Bolton takes away the slant and sifts in this play. As he recognizes the flat route, he still gets enough depth to take the slant window away, which has to be thrown quickly to avoid getting intercepted. He then flashes the range to get to the flat and blow it up. This was just one play, but Bolton was consistently taking away those reads.

Cover 2 Man calls

The Chiefs called a lot of Cover 2 Man this week. For Spagnuolo, it was the easiest way to get a double team on Hill and Waddle. He could bracket those players and let his cornerbacks press more, which hurt Miami's timing on their routes. The cornerbacks had plenty of help over the top, but they wanted Tagovailoa to hold on to the ball and deal with blurriness post-snap.

McDuffie takes away the crosser while Bolton gets away with a hold on the angle route. Those two routes were designed to beat this coverage, but the Chiefs defended non-Hill and Waddle players in man coverage perfectly, which was critical to getting those double teams.

Mixing in the blitz

Spagnuolo didn't rely on the blitz until the Dolphins got into a pass-heavy script, mainly because he was choosing to double Hill and Waddle instead. However, once the fourth quarter came and the opportunity opened to blitz Tagovailoa, he took advantage.

With quarters of disrupting timing and changing looks postsnap, Tagovailoa's eyes were a total mess, which we see here. The Chiefs bring a Cover 0 blitz, and Tagovailoa has two hot read options. His first hot read is the running back motioning out of the backfield if the linebacker doesn't get over the top of the cornerback. Bolton does that well here.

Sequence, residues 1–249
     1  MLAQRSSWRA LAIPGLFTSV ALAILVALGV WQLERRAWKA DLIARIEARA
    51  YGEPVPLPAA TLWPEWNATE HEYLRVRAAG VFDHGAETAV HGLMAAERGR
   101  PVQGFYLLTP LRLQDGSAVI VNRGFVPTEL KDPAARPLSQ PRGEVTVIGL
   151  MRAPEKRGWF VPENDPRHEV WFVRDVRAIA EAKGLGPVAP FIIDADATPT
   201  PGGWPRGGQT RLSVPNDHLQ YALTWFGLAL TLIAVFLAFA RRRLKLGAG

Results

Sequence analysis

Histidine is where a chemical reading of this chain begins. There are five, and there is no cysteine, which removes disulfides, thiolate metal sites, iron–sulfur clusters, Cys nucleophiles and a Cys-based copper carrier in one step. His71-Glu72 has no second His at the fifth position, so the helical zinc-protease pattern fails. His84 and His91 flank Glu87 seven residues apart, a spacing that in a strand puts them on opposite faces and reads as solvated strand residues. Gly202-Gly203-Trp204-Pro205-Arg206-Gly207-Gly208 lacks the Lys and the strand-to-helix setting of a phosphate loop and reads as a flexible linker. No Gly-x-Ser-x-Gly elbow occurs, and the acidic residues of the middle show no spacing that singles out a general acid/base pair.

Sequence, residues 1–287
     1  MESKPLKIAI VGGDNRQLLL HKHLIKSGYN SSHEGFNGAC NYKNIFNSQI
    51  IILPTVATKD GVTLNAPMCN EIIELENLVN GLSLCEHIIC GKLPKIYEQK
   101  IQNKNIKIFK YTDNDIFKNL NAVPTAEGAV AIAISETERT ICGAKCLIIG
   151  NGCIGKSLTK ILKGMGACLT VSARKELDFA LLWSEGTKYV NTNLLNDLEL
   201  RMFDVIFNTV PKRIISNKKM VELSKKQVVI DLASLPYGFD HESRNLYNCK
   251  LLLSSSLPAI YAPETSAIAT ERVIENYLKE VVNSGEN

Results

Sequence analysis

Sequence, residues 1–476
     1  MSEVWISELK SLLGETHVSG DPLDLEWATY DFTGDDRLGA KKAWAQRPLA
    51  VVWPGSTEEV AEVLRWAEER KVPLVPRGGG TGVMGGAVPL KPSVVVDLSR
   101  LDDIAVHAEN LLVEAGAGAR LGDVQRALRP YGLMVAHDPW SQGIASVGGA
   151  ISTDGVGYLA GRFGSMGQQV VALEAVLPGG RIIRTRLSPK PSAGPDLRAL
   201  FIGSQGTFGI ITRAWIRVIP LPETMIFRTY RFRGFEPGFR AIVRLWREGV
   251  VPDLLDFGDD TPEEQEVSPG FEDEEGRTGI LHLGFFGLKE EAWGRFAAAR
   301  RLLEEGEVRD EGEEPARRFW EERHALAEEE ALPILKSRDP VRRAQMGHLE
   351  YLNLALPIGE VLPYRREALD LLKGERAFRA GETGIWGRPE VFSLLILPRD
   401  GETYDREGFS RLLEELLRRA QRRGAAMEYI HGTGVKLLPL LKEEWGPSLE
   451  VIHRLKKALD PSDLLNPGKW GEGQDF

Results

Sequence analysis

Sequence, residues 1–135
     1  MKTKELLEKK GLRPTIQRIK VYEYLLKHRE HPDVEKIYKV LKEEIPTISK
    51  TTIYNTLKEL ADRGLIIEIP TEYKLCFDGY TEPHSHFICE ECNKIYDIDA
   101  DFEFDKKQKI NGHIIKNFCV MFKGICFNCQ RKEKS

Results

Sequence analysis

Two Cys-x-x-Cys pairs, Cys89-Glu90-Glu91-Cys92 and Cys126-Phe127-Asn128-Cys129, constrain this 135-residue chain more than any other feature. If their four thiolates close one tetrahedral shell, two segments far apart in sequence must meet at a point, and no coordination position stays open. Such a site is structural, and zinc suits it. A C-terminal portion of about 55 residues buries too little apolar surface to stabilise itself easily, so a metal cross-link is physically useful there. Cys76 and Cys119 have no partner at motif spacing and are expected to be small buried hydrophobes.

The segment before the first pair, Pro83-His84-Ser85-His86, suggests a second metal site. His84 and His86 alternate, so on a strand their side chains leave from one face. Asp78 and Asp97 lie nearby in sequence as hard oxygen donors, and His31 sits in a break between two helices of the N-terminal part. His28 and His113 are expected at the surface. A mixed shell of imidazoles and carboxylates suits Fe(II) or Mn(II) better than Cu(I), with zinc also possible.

After that, Tagovailoa's eyes should scan to the backside curl route, which is open, but with Tagovailoa's first read gone, his eyes and feet fail him, and he ends up taking a sack.

The bottom line

Spagnuolo clearly knew what the mission of Miami's offense was and how to stop it. When they're rolling, it's because Tagovailoa can build a rhythm, and the designs give him maximum space to accentuate his quick throwing motion. When that timing is disrupted by either pressure or press coverage, it forces Tagovailoa to process a full progression and rely on his arm talent — where he's very deficient.

In terms of the playoffs moving forward, I'm not sure how the Chiefs defended Tagovailoa is instructive moving forward. The other quarterbacks they are likely to face (including Josh Allen) have the ability to create with their arm, and they are much better processors. However, it does show that Spagnuolo is still tremendous at drawing up a hyper-specific game plan to counter an opponent.

For this week, though, Spagnuolo deserves credit for what should've been a shutout unless Hill makes a truly fantastic play on his long touchdown. The Dolphins never once got in rhythm, and the Chiefs bullied them. It was an excellent defensive performance to watch.

It's Game Time.